") brings both a ferocious desperation and heartbreaking fragility to Kate, a mother and wife whose protectiveness of her family is at odds with John's growing mistrust in her. As John, Peter Sarsgaard (2007's "Rendition
") gives depth to a comparatively underwritten part that requires he doubt Kate's warnings about Esther. John's beliefs, while frustrating for the viewer, are also plausible; we must remember that from his point-of-view Esther has done nothing wrong and given off no signs to him that she is troubled. As the initially jealous, soon imperiled Daniel, Jimmy Bennett (2009's "Star Trek
") racks up another professional turn from an already impressive résumé, and newcomer Aryana Engineer genuinely impresses as Max. Engineer, hearing-impaired in real life as well as in the picture, is a total natural without an ounce of kid-actor unctuousness.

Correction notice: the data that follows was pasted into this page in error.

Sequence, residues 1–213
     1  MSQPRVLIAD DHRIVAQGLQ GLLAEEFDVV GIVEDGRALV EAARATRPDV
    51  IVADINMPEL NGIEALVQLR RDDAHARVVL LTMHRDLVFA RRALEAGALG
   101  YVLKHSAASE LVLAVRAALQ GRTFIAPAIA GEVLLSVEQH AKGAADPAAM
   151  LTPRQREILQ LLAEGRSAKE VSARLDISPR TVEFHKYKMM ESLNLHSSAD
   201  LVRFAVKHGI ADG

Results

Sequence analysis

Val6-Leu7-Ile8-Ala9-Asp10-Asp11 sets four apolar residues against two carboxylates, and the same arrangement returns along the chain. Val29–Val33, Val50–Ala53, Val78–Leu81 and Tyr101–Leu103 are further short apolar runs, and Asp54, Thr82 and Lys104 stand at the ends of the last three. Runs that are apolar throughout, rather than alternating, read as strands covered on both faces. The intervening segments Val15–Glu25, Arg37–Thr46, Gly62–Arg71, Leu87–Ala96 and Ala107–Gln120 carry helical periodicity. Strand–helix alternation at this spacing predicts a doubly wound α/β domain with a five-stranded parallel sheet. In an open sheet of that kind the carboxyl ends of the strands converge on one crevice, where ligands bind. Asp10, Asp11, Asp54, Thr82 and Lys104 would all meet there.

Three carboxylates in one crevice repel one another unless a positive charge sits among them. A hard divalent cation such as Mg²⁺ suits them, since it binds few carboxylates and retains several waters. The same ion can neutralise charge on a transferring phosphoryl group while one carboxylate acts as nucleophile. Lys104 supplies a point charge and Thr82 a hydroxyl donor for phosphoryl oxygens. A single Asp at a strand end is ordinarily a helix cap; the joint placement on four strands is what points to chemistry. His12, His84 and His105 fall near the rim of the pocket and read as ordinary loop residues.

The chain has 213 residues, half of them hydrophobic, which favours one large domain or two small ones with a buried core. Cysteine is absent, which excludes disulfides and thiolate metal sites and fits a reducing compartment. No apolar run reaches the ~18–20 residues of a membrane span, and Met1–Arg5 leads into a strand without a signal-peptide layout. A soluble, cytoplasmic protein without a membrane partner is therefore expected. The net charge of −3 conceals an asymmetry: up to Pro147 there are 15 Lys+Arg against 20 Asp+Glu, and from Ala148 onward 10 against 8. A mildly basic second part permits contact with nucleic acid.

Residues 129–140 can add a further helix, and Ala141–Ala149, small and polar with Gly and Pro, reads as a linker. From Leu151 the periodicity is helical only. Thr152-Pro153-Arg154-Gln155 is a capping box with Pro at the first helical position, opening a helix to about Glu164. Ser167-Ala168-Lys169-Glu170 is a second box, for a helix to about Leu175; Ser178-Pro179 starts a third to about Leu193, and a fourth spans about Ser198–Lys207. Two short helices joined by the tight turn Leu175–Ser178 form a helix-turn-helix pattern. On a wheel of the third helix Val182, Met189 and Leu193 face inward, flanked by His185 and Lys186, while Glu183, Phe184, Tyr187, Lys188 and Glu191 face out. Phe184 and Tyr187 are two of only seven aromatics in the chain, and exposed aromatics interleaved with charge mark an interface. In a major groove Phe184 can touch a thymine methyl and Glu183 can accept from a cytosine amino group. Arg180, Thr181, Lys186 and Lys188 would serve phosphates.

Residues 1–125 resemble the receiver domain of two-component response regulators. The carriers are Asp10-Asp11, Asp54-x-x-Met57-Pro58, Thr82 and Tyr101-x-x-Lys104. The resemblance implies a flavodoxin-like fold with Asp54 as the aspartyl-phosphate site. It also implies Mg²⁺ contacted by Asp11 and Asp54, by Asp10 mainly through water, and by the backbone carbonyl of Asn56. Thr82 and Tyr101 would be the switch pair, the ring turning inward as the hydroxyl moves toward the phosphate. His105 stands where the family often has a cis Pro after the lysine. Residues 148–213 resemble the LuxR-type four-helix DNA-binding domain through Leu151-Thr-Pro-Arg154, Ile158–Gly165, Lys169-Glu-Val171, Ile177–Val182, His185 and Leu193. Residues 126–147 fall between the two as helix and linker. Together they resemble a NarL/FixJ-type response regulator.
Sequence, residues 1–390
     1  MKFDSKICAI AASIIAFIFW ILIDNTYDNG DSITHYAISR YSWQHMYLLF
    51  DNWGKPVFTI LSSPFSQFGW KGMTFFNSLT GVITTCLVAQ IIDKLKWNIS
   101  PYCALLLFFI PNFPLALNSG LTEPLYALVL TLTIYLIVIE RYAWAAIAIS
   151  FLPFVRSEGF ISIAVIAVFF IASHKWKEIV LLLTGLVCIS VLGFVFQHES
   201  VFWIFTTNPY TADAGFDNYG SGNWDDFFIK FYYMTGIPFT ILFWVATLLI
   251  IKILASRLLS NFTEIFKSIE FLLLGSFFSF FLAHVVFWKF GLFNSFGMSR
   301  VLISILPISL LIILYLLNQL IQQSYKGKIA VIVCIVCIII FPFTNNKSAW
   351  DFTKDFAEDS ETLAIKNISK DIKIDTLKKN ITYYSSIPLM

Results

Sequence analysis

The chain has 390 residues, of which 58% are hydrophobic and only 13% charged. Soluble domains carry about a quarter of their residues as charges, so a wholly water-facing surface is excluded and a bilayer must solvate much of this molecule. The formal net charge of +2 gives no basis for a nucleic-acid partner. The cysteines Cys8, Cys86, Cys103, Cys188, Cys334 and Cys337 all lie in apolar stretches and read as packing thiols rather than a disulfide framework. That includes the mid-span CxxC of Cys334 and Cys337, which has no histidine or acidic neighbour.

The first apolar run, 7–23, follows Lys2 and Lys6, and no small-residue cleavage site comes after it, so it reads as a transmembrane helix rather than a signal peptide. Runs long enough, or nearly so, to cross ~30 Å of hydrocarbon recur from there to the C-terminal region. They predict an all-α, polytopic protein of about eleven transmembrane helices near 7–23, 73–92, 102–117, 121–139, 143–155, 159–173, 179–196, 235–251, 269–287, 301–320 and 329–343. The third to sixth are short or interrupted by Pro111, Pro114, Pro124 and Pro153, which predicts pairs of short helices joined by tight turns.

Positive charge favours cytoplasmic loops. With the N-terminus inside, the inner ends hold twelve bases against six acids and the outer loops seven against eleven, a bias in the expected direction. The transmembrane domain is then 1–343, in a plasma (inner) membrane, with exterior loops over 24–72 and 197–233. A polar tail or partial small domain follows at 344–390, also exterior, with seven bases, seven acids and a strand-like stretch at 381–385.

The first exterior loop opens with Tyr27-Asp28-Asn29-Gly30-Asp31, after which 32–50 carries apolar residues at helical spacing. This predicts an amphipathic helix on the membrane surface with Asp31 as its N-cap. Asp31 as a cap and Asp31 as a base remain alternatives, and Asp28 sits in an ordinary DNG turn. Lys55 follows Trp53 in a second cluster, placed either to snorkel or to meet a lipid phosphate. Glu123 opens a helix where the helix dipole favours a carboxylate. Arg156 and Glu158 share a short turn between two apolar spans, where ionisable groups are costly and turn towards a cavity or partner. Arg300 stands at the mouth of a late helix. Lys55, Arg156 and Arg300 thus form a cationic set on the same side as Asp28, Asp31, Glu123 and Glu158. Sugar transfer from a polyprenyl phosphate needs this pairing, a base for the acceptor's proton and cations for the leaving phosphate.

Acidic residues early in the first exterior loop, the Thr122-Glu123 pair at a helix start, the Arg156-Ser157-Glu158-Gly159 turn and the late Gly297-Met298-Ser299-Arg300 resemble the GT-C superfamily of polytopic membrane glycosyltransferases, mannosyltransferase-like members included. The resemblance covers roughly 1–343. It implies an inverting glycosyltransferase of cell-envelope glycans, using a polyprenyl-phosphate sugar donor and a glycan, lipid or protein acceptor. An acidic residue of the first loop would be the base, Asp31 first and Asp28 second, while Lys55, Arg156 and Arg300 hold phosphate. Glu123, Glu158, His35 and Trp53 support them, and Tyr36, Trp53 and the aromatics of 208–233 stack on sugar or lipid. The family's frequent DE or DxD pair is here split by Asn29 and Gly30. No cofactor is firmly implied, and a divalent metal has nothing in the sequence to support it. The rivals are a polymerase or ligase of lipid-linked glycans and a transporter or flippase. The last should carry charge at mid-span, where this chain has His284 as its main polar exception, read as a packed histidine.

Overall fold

The star attraction of "Orphan" also happens to deliver one of the most momentous examples of acting from a child performer in years. From her freckled, perfectly coiffed brunette appearance, to her flawless Eastern European accent, to her ability to switch from sympathetic to ice-cold to veritably creepy in the same breath, Isabelle Fuhrman is astonishing as Esther. Not merely a one-note villain, Esther is a complex creation whose motives are subject to interpretation and whose secrets, when discovered, do nothing if not haunt the viewer's conscience. Fuhrman understands the part through and throughall the more amazing for a 12-year-oldand presents a fascinating case study for a probably incurable diseased mind. If Linda Blair and Jodie Foster warranted Oscar nominations for 1973's "The Exorcist" and 1976's "Taxi Driver," respectively, then Isabelle Fuhrman deserves to follow in those same footsteps.